Thursday, July 17, 2008

Dear Mr. Sungit

You've been a strange presence in our class in Kas 226. The first person who took notice of you - and named you 'Mr. Sungit' - was Regina. A few more meetings allowed for a closer scrutiny of your behavior (hindi maiiwasan, since you're sitting right across me and Regina), and gave me reason to believe that your monicker was well-deserved.

You had this air of "what the f*ck am I doing in this class?" about you. You never participate in discussions, and while our prof lectures you often stare straight up, seemingly concentrating on a single spot on the ceiling.

This is a democratic society after all. And UP na nga 'to, kung saan lahat na ng ka-weirduhan and idiosyncracies pinapabayaan lang. And wala naman akong right to ridicule you or ostracize you for your behavior. Hindi naman kita ka anu-ano...


You gave your reaction to the documentary we viewed during our class. My first reaction was "Aba, nagsalita ka!". Your comment gave rise to a lengthy discussion about the discourse on power, imperialism, and US expansionism. Here are just a few things I want to add to our discourse (given the lack of time and also, baka na-away na kita if we were to continue hehe).

First, bilib ako sa 'yo. You were the only one in the class who called attention to that perspective. In fairness, napa-isip mo kami ng malalim, and I believe that the ensuing discussion gave a much deeper look into what indeed is "imperialism" in the context of the actions of the American nation throughout its history.

You were right to say that if we look at imperialism along the lines of territorial expansion, then it would be faulty to say that it was in 1898 was the turning point in US history in which the Americans decided to engage in "imperialistic" ventures. I also agree with you on your point regarding the American Indians, who should be considered as the first victims of American "expansion".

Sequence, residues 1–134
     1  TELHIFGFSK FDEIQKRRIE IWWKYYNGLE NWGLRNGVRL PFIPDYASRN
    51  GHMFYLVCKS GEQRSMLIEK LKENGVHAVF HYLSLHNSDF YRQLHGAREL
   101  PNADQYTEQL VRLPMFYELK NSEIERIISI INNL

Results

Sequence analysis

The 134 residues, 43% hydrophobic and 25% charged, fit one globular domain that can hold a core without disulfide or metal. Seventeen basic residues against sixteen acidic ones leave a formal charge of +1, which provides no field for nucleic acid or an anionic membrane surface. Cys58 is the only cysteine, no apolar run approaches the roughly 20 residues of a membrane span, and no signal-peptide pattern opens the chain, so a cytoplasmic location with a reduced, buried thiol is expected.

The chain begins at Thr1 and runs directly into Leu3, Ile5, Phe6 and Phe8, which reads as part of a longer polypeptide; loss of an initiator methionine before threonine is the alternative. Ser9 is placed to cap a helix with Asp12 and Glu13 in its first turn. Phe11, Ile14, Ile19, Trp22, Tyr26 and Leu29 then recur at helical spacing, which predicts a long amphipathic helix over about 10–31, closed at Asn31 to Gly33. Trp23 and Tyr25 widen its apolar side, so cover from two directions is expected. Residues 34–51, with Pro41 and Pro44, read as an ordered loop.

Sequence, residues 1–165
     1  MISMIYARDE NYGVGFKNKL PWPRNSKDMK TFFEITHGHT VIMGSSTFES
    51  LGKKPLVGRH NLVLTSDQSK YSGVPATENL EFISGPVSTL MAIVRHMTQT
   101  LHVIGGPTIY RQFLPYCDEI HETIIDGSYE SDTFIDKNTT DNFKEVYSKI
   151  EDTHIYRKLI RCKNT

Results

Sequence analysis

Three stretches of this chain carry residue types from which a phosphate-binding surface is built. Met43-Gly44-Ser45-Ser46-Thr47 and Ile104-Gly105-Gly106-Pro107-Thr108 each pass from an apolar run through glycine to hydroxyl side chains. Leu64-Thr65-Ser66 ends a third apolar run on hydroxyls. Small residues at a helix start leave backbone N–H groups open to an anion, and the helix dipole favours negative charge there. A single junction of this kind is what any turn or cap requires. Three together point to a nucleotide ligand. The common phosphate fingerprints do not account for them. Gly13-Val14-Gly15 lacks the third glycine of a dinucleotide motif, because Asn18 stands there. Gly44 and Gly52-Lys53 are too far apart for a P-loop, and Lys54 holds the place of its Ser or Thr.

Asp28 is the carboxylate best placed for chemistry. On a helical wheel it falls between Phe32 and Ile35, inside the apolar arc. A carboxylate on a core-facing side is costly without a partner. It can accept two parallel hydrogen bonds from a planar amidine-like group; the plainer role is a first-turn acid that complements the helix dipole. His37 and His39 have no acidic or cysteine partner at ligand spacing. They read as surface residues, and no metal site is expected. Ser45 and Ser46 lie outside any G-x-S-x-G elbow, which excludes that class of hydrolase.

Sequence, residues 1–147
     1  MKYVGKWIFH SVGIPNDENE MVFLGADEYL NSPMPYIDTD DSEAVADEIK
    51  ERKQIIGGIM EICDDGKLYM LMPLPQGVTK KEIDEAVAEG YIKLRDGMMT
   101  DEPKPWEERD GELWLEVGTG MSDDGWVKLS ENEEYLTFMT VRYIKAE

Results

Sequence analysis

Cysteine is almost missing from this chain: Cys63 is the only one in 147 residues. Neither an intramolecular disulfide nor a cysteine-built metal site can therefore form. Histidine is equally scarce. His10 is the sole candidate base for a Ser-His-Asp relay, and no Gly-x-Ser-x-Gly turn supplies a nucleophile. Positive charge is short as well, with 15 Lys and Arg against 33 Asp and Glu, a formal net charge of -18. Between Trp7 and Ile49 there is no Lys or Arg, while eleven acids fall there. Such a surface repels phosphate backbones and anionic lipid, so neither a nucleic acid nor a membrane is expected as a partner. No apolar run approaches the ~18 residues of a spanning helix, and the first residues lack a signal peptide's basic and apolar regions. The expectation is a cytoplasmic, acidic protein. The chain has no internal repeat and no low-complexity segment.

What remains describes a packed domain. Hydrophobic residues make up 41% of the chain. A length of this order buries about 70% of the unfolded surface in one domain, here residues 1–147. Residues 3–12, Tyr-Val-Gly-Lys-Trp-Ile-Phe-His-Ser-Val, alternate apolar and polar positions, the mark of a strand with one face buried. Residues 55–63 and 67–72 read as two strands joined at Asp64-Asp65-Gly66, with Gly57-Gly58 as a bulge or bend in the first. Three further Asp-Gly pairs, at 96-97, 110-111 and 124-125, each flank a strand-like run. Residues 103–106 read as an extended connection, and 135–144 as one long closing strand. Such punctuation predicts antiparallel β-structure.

Second, it would be a bit of a long stretch if we were to take your perspective and adapt it into our over-all discourse. Remember that our course is "AMERICAN policies in Asia" so don't decry that what we're reading and discussing conforms mostly to the American perspective. American nga ang perspective, but I do believe that so far the discussions among us are well-balanced. Wala naman sa atin ang nagwawagayway ng bandila ng Estados Unidos, na nagsasabing sa pangkalahatan, maganda ang imperyalismo at ekspansyonismo ng Amerika. I think that we have pointed out the good points and the bad points of US policy, and we have even teased out some of the underlying notions and perspectives that gave rise to such policies and actions. We can consider the other perspective, expecially the Filipino point of view, from time to time pero stick tayo sa syllabus pare pwede?...hehe

Third, and I really have to say this, I feel offended by some of your statements. Baka hindi ka aware pero may mga pasaring ka na medyo nakaka-insulto. Statements like "we have to think critically about this.." or "Let's be more imaginative", etc. It's not the words eh, it's how you said it and given that your Mr. Sungit, nagmukha ka nang asshole. Ibig mong sabihin hindi na kami nag-iisip ng malalim? na wala kaming imagination?

Ang hirap sa orientation ninyo is that you stick to your structuralist views eh. That's why I pointed out that the "American Imperialist Project" is not a monolith, that there were, and still are, forces of resistance to the imperialist impetus. I am not too convinced by your thesis that American society is built upon a structure of expansion and imperialism - ergo, exploitation (?). That's why I asked if based on your thesis the US will remain imperialist forever? That the US was, is , and forever will be, imperialist? Wala nang pag-asa for a change in outlook and viewpoint ang mga Amerikano? I have evidence to prove you wrong! (parang attorney na 'ko ah...hahahaha) Seriously, boxing in America into the label of "imperialist" would be an oversimplification and a denial of the complex forces at work shaping US policy through the years. Try mo kaya ang diachronic approach, kung gusto mo la lounge duree pa. text mo si Braudel. hehehe

You have opened the box of the imperialist discourse,my friend. If you're going to keep at it, I will gladly take up the challenge and become anti-thesis personified. Mas sasaya ang discussion natin kung ganon...hehe.

On one hand medyo nadagdagan ang pagka-irita ko sa'yo. On the other hand, I'm looking forward to the intellectual discussion. Humanda ka!

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